Sometimes moving forward requires not getting too involved with thoughts and feelings, not trying to understand or express them, but just getting a vague yet complex sense of “all of that”.
Sometimes, in therapy and out of it, concentrating on our thoughts and feelings about a problem in our lives can seem to go round and round in circles, to quickly run out of steam, or to seem dead in the water from the very start. I know what I think about the situation, I know what I feel in this situation — so what? Nothing changes.
Here the therapist can sometimes intervene, and show another angle, or through their acceptance and non-judgmental attitude bring some new insight or acceptance that feels as if it moves you forward. But sometimes not. It is possible to examine, or be with all the difficult parts of your situation, and feel that sense of lightening or relief that somehow something is “moving forward” — and often the way is through not getting too involved with the thoughts and feelings, not trying to understand or express them, but by getting a vague, yet complex sense of “all of that”.
This vague yet complex sense resides somewhere in your body. In the place where you feel sometimes a gnawing sense that things are not right, or a sense about somebody you have just met that they seem familiar, or the place where you look when you know you have forgotten something on the shopping list but can’t for the life of you remember precisely what it was.
While dwelling in that place, usually somewhere in the middle of the body, definitely not in the head, the place of ‘gut feelings’, you can bring in a particular problem in your life and get a visceral sense of “all of that” — what it feels like to be precisely you, right now, with all that you remember, know, think, believe, feel and imagine. The sense of all of these ‘things’ together has a particular quality; it’s a very slight feeling, sitting underneath all that you know about your situation. To find it, you can tick off all the things you know — “yes, obviously I’m very anxious about my mother, I feel helpless that there’s nothing I can do… I think I should be easier on myself” etc. — and then ask “so what’s underneath all that?” or, to use one of Gene Gendlin’s questions, “yes, I know all that, but am I comfortable?”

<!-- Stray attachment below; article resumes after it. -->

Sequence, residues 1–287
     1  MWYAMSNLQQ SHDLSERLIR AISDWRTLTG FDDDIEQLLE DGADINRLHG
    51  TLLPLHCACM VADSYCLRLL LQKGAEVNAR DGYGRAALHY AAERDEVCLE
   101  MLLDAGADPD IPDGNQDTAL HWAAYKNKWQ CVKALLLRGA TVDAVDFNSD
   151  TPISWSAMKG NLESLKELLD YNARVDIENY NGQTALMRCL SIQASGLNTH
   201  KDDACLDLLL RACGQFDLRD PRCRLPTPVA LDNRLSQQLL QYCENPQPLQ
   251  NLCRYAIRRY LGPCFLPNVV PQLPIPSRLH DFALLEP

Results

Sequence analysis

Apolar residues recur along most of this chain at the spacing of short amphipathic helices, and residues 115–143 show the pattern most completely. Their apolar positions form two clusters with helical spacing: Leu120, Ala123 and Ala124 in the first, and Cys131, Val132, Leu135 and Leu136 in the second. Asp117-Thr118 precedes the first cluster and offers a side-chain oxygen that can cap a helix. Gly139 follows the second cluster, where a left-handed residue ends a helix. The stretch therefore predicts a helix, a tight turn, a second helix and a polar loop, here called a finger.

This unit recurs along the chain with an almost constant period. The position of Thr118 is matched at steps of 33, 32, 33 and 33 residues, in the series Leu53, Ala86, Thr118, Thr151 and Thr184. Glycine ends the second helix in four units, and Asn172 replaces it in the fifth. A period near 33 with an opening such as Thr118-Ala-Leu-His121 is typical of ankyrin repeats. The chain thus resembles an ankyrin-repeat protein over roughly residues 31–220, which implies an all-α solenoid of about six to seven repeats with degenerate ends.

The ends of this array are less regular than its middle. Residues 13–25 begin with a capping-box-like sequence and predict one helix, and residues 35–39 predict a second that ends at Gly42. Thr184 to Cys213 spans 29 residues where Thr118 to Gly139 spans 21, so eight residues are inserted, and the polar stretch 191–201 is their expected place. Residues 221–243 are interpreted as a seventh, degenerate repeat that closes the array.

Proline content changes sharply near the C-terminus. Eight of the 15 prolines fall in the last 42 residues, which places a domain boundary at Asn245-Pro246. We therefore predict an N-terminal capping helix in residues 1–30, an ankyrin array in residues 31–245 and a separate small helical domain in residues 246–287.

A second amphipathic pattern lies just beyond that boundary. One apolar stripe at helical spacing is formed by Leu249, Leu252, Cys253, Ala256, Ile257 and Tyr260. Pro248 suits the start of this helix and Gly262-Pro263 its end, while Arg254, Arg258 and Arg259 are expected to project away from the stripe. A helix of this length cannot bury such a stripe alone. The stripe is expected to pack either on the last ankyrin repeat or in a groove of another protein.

The sense of “all of that” is called — by Gendlin, author of the steps of Focusing — the “felt sense”. The felt sense is always infinitely more complex than what we first call the problem (e.g., “I’m nervous when I’m in a room with him”), because it contains all of our histories and experiences on all our different levels (physical, mental, emotional), and it’s also more vague — but also there is a way of checking with your body and being absolutely sure that it is right, it fits, it somehow, improbably “gets it all” for you. It just does.
Finding the felt sense is the second of six focusing steps which may be helpful in moving forward out of a stuck situation (see my post about the first step, “Clearing a Space”). I will go on to cover the remaining four steps, which offer guidance on how to relate to the felt sense and carry the process forward to get some relief from whatever the problem is.
However, personally speaking, just finding the place to look, within my sense of the body from the inside, for a complex yet direct felt sense of my problem is a major shift forwards. This sense undercuts so many overwhelming thoughts and feelings in which I could get stuck, and returns me to a living sense of knowing where I am right now. Sometimes just that is enough.